Last week saw another stark juncture in North American economic affairs.
First, on Monday, February 12, the White House released a budget agenda for FY 2019 that proposed to eliminate four important programs focused on supporting regional strategies for boosting advanced-sector innovation and start-up growth. Slated for closure if the White House gets its way—which it won’t—are such meaningful efforts as the Hollings Manufacturing Extension Partnership.
Then, on Wednesday, February 14, Canada’s Innovation Minister Navdeep Bains made exactly the opposite sort of announcement.
At a splashy press conference in Ottawa, Bains named five regional industry consortia as winners of its $950 million “superclusters” competition—a major increase of effort to call forth and invest in regional and industrial collaborations to drive Canadian innovation and growth. Bains spoke of lifting his nation’s “ambition” and “getting people talking” about advanced sector growth.
In short, the contrast of direction between the two national governments on industry development has now become glaring—something we have been noticing as we work on a new benchmarking (due in April) of advanced-sector competitiveness in Canada’s diverse regions. (Funding for the work has come from the Province of Ontario and Innovation, Science, and Economic Development Canada, the nation’s innovation and growth ministry).
The contrast of direction between the two national governments on industry development has now become glaring
Part of the contrast is on execution: Canada’s federal government is launching new initiatives that at least resemble global best practices in innovation, commercialization, and regional technology ecosystem development (even if they may be imperfect) while the American government struggles to just maintain its limited existing efforts (even as the White House proposes to shut them down). Adding irony is the fact that the big “superclusters” initiative in Canada resembles a plus-size version of the kind of challenge grants to regional networks and manufacturing consortia that were introduced by the Obama Administration but that are now adrift or disintegrating.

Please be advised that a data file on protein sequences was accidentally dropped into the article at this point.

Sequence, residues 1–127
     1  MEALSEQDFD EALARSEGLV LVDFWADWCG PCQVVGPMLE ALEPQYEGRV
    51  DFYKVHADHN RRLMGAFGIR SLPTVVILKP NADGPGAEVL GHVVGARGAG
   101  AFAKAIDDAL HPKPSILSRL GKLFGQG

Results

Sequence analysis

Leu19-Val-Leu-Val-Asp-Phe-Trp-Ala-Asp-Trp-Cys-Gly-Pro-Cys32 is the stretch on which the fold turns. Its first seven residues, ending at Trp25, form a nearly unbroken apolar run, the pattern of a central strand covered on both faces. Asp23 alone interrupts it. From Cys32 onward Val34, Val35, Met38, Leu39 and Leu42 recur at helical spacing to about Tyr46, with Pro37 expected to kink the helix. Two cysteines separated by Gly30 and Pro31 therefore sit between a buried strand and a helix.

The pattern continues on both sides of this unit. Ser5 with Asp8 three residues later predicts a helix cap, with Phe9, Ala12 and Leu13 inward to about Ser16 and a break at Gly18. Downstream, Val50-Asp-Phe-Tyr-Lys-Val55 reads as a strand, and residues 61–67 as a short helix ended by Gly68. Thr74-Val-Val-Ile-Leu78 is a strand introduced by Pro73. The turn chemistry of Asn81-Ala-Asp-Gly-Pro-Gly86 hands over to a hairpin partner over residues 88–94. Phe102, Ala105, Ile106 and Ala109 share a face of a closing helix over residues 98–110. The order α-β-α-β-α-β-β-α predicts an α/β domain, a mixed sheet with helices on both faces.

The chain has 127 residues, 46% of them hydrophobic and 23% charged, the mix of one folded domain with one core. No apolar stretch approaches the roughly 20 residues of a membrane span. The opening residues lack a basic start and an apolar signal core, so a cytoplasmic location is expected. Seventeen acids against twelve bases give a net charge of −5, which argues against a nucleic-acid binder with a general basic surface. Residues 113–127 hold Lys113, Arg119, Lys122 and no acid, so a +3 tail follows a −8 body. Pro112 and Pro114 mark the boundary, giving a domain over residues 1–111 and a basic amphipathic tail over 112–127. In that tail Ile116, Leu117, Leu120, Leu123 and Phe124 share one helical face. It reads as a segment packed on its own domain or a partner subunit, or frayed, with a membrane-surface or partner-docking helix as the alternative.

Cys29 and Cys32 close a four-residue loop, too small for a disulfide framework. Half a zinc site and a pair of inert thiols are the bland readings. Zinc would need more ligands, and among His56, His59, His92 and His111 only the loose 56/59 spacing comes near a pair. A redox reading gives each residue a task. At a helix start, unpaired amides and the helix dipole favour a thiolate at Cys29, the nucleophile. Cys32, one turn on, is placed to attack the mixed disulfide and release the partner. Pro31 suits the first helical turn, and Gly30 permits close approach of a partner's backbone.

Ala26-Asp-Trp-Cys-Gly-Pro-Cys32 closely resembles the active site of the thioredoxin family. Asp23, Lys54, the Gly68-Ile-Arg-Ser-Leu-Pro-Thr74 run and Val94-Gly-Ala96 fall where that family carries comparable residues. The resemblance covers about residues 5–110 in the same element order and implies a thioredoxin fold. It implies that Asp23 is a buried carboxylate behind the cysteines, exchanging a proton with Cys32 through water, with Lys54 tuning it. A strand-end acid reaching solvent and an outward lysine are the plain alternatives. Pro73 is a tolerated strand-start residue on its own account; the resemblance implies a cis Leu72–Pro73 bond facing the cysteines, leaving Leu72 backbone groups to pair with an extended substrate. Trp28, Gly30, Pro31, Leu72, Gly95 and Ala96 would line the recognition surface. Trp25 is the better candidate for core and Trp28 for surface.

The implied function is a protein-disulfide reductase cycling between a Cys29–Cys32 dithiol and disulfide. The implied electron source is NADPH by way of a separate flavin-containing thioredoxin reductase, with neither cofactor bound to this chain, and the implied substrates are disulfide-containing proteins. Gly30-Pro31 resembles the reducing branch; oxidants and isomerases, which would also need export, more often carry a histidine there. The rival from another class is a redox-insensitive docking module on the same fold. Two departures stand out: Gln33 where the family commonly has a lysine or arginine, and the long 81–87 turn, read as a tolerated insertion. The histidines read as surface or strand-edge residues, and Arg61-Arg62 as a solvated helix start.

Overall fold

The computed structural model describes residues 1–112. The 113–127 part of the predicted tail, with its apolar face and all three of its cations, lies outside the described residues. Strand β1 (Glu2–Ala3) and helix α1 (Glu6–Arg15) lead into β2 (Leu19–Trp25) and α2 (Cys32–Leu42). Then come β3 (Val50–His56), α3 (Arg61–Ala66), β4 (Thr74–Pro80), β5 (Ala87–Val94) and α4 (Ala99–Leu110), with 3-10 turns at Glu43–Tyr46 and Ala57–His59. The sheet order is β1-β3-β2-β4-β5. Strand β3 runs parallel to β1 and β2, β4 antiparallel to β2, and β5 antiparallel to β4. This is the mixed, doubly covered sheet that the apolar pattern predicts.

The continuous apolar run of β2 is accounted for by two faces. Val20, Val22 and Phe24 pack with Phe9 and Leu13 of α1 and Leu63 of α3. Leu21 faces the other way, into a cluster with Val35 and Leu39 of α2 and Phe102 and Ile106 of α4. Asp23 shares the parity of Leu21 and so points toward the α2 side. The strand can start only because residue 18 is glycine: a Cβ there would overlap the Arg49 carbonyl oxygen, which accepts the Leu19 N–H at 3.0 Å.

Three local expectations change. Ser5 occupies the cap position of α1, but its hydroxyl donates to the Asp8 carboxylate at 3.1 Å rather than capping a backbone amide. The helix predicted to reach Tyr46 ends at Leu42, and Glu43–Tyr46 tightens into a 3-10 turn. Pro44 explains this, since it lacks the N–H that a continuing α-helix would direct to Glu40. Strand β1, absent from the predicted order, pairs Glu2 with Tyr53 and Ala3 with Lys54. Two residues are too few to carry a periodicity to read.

Yet what is more striking is the contrast of the two nations’ broader perspectives and directions. As indicated by last week’s budget proposal, U.S. innovation policy and execution appear, for the most part, to be: dwindling, consumed by ideological red herrings about “picking winners,” and unaware of the investments in innovation and technology being made by global competitors.
For its part, Canadian policy—supported by a superior fiscal position—appears at once research-based, urgent, and increasingly expansive. Last year the Trudeau government named a blue-chip Advisory Council on Economic Growth chaired by McKinsey & Co. global managing partner Dominic Barton to probe Canada’s economic problems and identify bold ideas for significantly improving the nation’s growth trajectory. (Barton is a Brookings board member). Out of that work came the outlines of the new Canada Infrastructure Bank. And now, with last week’s “supercluster” announcement, Canada is launching one of the more robust and targeted sets of investments in modern industrial policy among developed nations this year.
Now, of course, the Canadian effort is hardly perfect, and much remains to be worked out. The selection criteria for the clusters has not always been crystal clear, and recent U.S. experience suggests the difficulty (still ahead in Canada) of establishing the optimal governance arrangements to maximize market relevance while avoiding big-firm capture in multi-party consortia. Then there is the question of whether Canada has enough locally owned, ambitious firms to make clusters of them impactful.
Yet with that said, it’s good to see a national government acting with ambition and information, albeit with the goal of making Canada, not America, great again. Which makes this an unusual moment: big gambles to drive innovation and growth are alive and well… in Canada.